12. csparker

    csparker Newbie

    Just wondering since you mentioned the Thermapen...I love mine too...what temperature did the roast get to before you removed it from the smoker after 4 hours?  I found such great prices on prime rib roasts after Christmas that I bought one, but have never cooked one before.  I also have an AMNPS, but am concerned that it may be easy to overcook.  I like the idea of afterwards crisping it in the oven, but again am a little fearful of overcooking it while I get the color I want.  My guess would be to remove it from the MES at around 100, and get it out of the oven at 115, crisped up or not.  Am I on the right track?
     
  13. csparker

    csparker Newbie

    Hi All,

    Just wondering since you mentioned the Thermapen...I love mine too...what temperature did the roast get to before you removed it from the smoker after 4 hours?  I found such great prices on prime rib roasts after Christmas that I bought one, but have never cooked one before.  I also have an AMNPS, but am concerned that it may be easy to overcook.  I like the idea of afterwards crisping it in the oven, but again am a little fearful of overcooking it while I get the color I want.  My guess would be to remove it from the MES at around 100, and get it out of the oven at 115, crisped up or not.  Am I on the right track?
     
  14. My MES 30 is putting out great amounts of smoke after the retro fit that the company sent me.  Family just loves the meat and bacon rapped peppers, mushrooms were not a big hit.  It doesn't matter where the vent is set, I still get plenty of smoke and when open 1/4 the meat is moist and not dry.  Very happy and am planning a brisket smoke later this month.  Any good recipes out there?
     
  15. WOW!!!!!

     Thank the Smoke Gods i'm just a beginner.

        my greatest concern is that it gets done- and done properly.

     i have made mistakes in my attemps at smoking.

     and everyone here has helped me understand my opertunities for righting the problems.

     thanks again to all.
     
  16. doczod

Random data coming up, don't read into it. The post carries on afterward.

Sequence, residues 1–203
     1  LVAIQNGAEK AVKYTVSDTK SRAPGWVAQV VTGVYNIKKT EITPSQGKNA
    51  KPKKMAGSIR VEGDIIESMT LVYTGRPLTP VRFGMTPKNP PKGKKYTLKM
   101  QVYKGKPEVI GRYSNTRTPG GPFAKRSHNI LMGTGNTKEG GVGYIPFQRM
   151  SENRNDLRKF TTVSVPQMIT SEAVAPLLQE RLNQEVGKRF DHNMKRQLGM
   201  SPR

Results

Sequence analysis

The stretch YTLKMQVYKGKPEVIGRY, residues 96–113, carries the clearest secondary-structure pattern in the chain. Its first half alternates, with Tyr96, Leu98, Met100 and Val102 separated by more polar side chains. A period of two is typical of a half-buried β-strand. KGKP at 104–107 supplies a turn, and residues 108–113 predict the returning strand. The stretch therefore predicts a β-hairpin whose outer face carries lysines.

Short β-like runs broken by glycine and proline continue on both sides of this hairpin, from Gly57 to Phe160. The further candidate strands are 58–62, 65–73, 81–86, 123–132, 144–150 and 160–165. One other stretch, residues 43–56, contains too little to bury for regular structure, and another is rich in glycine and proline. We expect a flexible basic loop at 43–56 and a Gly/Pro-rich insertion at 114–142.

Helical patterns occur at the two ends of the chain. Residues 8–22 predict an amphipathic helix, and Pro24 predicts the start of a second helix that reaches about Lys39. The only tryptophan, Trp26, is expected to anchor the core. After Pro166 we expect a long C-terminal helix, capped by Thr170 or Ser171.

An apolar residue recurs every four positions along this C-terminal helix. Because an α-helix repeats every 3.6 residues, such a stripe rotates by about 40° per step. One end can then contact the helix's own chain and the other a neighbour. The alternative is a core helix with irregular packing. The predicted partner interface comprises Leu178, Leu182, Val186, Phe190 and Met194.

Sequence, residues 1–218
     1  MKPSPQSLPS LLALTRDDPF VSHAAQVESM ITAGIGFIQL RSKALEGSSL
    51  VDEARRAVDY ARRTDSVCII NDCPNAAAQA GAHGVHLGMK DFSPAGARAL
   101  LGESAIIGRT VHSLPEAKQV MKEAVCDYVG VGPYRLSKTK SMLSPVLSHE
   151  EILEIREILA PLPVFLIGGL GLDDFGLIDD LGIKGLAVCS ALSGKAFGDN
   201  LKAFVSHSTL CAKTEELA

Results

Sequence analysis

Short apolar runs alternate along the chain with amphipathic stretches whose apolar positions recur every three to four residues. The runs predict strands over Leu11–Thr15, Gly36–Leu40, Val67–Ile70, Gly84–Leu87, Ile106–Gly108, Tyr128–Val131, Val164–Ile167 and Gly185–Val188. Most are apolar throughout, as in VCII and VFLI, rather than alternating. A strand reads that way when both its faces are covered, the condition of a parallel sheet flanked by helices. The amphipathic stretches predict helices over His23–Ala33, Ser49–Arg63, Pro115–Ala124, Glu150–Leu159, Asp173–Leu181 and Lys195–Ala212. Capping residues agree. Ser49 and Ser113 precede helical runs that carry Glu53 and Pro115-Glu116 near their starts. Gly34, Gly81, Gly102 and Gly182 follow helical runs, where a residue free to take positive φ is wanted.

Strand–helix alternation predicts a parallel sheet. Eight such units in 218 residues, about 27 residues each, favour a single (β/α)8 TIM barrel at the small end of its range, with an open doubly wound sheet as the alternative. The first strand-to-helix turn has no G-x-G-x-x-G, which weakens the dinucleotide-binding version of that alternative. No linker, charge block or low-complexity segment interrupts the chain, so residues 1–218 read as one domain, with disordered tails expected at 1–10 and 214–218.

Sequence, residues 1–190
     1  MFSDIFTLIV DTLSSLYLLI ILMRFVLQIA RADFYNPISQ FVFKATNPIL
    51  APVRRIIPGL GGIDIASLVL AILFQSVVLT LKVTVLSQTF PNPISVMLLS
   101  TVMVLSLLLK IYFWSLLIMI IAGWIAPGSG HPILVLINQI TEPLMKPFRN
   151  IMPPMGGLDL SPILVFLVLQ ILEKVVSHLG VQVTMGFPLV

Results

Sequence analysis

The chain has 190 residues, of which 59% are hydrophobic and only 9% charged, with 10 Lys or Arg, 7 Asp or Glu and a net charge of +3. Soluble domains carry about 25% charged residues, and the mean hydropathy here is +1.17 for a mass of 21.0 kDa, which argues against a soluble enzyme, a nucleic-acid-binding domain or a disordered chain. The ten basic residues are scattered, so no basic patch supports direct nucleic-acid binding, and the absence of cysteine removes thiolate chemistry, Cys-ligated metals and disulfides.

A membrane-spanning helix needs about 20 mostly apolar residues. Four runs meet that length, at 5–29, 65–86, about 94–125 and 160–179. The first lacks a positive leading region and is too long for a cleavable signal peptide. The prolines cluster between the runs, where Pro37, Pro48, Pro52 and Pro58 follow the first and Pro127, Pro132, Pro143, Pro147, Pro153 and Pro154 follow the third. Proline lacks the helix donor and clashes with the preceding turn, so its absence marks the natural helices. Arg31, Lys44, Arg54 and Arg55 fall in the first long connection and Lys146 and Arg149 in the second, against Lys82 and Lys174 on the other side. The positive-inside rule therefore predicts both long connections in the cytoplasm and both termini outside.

doczod Newbie

    I pulled the Prime Rib at 125 degrees knowing it would increase some.  This is the first time I've done a Prime Rib in a smoker so it was a bit of an experiment.  As it turned out, 125 was right on the money.  It got up to between 135 to 145 in different spots because it was thinner in one are and thicker in another.  It was absolutely fantastic.  By the way, I only filled half of the AMNPS with pellets because I didn't want too much smoke.  My father-in-law is an 86 year old Englishman who made the comment "Now THIS is a meal".  Coming from him (and he likes his beef rare/med-rare), that was the best compliment he's ever given anyone regarding food!
     
  17. CONGRATS.

     yep, its great to know you got it done right.r
     
  18. csparker

    csparker Newbie


    Thanks very much Doczoc for the info!
     
  19. I'm new here and am learning, but I just have to say this thread was just way too amuzing! lmao

    I learned some things from both sides by the way... :)
     
  20. The 3-2-1 method for spare ribs and the 2-2-1 method for babybacks has worked great for me.  I got my 30" MES for Christmas and have smoked ribs, chicken, pork butt and beef roast.  The ribs have been my best.  I fixed both spareribes and babybacks for a youth group superbowl party and when I took them out of the foil, they were falling apart as I put them back on the rack for the last hour.  I have never adjusted my vent postion.  It is probably 1/4" to 3/8" open.  If you are unfamilar with the 3-2-1 and 2-2-1 method, see below:

    Smoking the Ribs

    Note: Ribs are NOT cooked to any hard temperature or time .. they are done when they get tender enough and not a second before. Be willing to deviate from the estimated cooking time if they are not tender enough.

    The "3"

    The "3" in this method is the first 3 hours where the ribs will be directly on the grate and taking on the smoke flavoring from the wood that is smoking. Leave the door closed during this step and just make sure the heat stays as steady and close to 225 degrees F as possible.

    The "2"

    The "2" is where the ribs get tender. Once the initial 3 hours are over, Wrap each rack of ribs in a large piece of heavy duty aluminum foil and just before closing it up, pour about 1/4 cup of apple juice or other liquid such as beer, water, Dr. Pepper, etc. into the bottom of the foil. Close up the foil around each rack of ribs and lay the wrapped ribs back on the grate for 2 hours.

    The "1"

    The "1" in this method stands for the final hour in cooking the ribs. When the "2" is complete, remove the foil wrapped ribs from the smoker, remove the foil and place the ribs on the grate with NO foil for their final hour.

    To sum it up more concisely:

    3 hours directly on the smoker grate

    Then..

    2 hours wrapped in foil on the smoker grate

    Then..

    1 final hour unwrapped and back on the smoker grate to finish up

    How to Serve the Ribs

    Let the ribs rest for about 10-15 minutes for best results then lay them bone side up and slice and serve immediately.